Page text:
All book Cole says goodbye to his deceased grandfather,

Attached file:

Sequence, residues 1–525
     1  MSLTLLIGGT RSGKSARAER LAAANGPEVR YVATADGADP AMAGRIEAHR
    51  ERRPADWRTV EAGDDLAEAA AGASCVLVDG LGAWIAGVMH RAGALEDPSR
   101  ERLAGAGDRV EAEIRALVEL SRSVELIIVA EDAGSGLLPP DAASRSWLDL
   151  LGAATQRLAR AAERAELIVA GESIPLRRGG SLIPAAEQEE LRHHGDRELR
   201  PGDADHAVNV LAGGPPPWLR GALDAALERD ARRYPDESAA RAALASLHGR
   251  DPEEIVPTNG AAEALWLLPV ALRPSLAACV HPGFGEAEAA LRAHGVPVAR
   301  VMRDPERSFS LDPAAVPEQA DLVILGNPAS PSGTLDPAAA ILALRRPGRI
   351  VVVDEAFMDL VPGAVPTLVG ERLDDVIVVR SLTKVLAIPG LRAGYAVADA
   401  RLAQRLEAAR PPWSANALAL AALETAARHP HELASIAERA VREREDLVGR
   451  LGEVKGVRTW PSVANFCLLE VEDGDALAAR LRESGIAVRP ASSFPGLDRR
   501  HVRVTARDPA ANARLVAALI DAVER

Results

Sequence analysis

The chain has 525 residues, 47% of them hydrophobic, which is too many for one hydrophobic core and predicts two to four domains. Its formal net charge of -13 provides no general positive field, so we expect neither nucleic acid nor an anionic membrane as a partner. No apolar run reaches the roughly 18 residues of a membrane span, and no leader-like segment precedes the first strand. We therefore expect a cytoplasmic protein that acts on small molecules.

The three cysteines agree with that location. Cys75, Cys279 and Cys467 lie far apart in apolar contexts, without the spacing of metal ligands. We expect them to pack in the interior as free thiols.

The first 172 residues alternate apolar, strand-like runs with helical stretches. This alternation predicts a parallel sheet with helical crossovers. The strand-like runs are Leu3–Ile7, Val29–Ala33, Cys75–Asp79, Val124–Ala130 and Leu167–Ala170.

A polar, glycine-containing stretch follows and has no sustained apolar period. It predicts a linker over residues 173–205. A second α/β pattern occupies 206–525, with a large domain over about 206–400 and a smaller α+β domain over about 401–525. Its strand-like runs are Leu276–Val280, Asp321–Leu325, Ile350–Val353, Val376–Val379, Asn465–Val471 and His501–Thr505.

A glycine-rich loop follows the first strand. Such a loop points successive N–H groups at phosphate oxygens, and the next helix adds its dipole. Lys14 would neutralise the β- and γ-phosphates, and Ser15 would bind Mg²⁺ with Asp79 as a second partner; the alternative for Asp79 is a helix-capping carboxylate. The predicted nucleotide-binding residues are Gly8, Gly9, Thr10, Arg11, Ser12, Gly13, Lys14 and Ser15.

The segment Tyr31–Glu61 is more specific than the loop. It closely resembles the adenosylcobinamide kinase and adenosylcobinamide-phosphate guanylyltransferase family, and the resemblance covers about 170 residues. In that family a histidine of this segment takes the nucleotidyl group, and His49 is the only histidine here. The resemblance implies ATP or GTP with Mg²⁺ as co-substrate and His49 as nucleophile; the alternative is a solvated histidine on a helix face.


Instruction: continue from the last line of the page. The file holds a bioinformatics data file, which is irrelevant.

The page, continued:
All The Pretty Horses by Cormac McCarthy is a quest story in which John Grady Cole trades his innocence for experience and finally finds the ‘paradise’ he has always been dreaming of. John Grady Cole does not value the same things as those whom he lives among. He does not understand why the world is changing and is unwilling to accept it. For a young character, it is surprising how unwilling John Grady Cole is to give up the past. His refusal to be modernized causes him to run away from home to find a place where he belongs. A quest story has a structure to it, usually containing several defining moments that can be categorized as “Call to Adventure”, “Crossing the Threshold”, “Journey”, “The Final Ordeals” and “The Goal”.  John Grady Cole’s future in Texas was taken from him, therefore he seeks one elsewhere. He knows that there is not future for him in Texas. He is called to discover his inner wildness. JGC listens to his conscious and seeks a cowboy lifestyle in Mexico answering his call to adventure and let his inner wildness run free.  The Call to Adventure is the point in a person’s life when they are first given notice that everything is going to change. In the opening scene of the book Cole says goodbye to his deceased grandfather, while Cole can physically see the reality of death he realizes that there is a difference between what appears to be and what really is. This is his “call” to find out the difference between his ideal world and reality. McCarthy writes, “The candle flame and the image of the candle flame caught in the pierglass twisted and righted when he entered the hall. Lastly he looked at the face so caved and drawn among the folds of funeral cloth, the yellow moustache, the eyelids paper thin. That was not sleeping. That was not sleeping” (McCarthy, 3).  John Grady Cole wants to be a Texan rancher, so he goes to a lawyer to try to save the ranch his mother is selling, however, the lawyer says that it is not possible. “Some things in this world can’t be helped, he said. And I believe this is probably one of ’em” (McCarthy 18). This passage is important because it initiates Cole’s call and helps him realize that he lacks something in Texas, and he must venture out into the world to find what is missing. He tries to find some words of guidance from watching his mother’s play, but he does not find anything of value from it. It is obvious that John Grady seeks adventure, he attempts to find clues around him that will lead him to make sense of the world, but Texas does not offer him an answer, so he seeks the world elsewhere. He ventures out on his journey with an open mind, unprepared and not knowing what to expect. The point at which the character begins their adventure is referred to as Crossing the Threshold. The adventure could be leading the way into a new realm in which rules and limits are not known or clarified.  “They rode at once jaunty and circumspect like thieves newly loosed in that dark electric, like young thieves in a glowing orchard, loosely jacketed against the cold and ten thousand worlds for the choosing:” (McCarthy 30) At this point in the story Cole and Rawlins have just left the ranch in Texas and they sleep under the stars on the first night of their journey. Cole has left his life, his family, and his home. His mother has sold the ranch and his father is a hopeless old man. Essentially, they have stepped out of their known country out into the world. These two young men venture out with excitement. This adventure offers them unlimited opportunity. Cole and Rawlins have left their known world and approach the unknown world with caution. They are ignorant about this new country and they are not prepared for the trails that Mexico will challenge them with. The Journey is a series of trials and tribulations that a character or characters must face to begin their transformation. It is in this that they discover there is a benign power everywhere supporting them. Through these trials, the hero transcends his personal past, his former way of knowing, and sees the change in himself. “Ever’ dumb thing I ever done in my life there was a decision I made before that got me into it. It was never the dumb thing. It was always some choice I’d made before it.” (McCarthy 79). When Rawlings states this he and JGC are riding deeper into Mexico on their adventure. They had encountered a young rider named Blevins who rides with them. The three riders ran into some Mexican men who wanted to buy Blevins. This presents Rawlins and Cole with an opportunity to ditch Blevins. Cole made the choice to wait for Blevins and not leave him behind, ultimately being a bad decision considering it later lead to situations that risked the lives of Cole and Rawlins. Later in his adventure, Cole  learns that the decision to stay with Blevins led him to great misfortune. At this point in his journey, Cole does not understand the consequences of other people’s decisions. After splitting from Blevins, the boys come across a ranch and work with the breaking horses. After Cole refuses to listen to Aunt Alfonsa’s warnings to stay away from Alejandra, Cole and Rawlins are identified and associated with Blevins and his crimes. The boys are casted out of the ranch that has acted as an oasis for them. They are taken to a jailhouse in a small town, leaving the ranch and exposing them to a whole new side of Mexico. It tests their ability to survive. In addition, John Grady Cole is separated from his love, Alejandra, which breaks his heart. In the Final Ordeals, the boys are released from the Mexican jail. They believe that alfonsa paid for their bail. Rawlins decides to return back to Texas while Cole is determined to go back to the ranch. Cole has unfinished business in Mexico that he feels he must take care of before returning to Texas. If he left with Rawlins his quest would not have been complete. He requires closure with both Alejandra and Alfonsa. Rawlins and Cole discuss their separation, “You’re going back down there, ain’t you? Said Rawlins. Yeah. I guess I am. On account of the girl? Yeah. What about the horses? The girl and the horses… Don’t go down there, he said. I done made up my mind… There’s only one kind of deal I can see that she could of made with the old woman. I know. But she’s going to have to tell me herself. If she does will you come back? I’ll come back. All right. I still want the horses” (McCarthy 211-212). John Grady Cole shortly returns to Texas, visiting his hometown. He drops off Rawlins’ horse, and heads out into a red sunset with his horse. In the final image, McCarthy plays off the picturesque scene of a cowboy riding into the sunset. Cole feels the unity of the horse and rider as one single being, riding out into his one world. He has discovered his one world, and it took him experiencing an unknown world to reassure that his passion is for horses. John Grady Cole does not regret the past because he knows that his misfortunes gave him his new conscious. He now has freedom to live, thanks to his new capability to understand fate. McCarthy writes, “He rode with the sun coppering his face and the red wind blowing out of the west across the evening land and the small desert birds blew chittering among the dry bracken and horse and rider and hose and passed on and their long shadows passed in tandem like the shadow of a single being. Passed and paled into the darkening land, the world to come” (McCarthy 302). Throughout the story, John Grady Cole endures two different journeys. The first is the obvious, physical journey from Texas to Mexico and all the stops he makes along the way. The second is his emotional journey. This is how the reader really observes growth of his character over time. John Grady Cole learns that his passion for horses is pure and rare. He decides he must embrace his desire for freedom and leave the changing society for the cowboy lifestyle. His journey and the way he carries himself could lead the reader to forget about his young age. John Grady Cole created his own identity throughout his journey. McCarthy, Cormac. All the Pretty Horses. Vol. 1, Vintage International, 1993.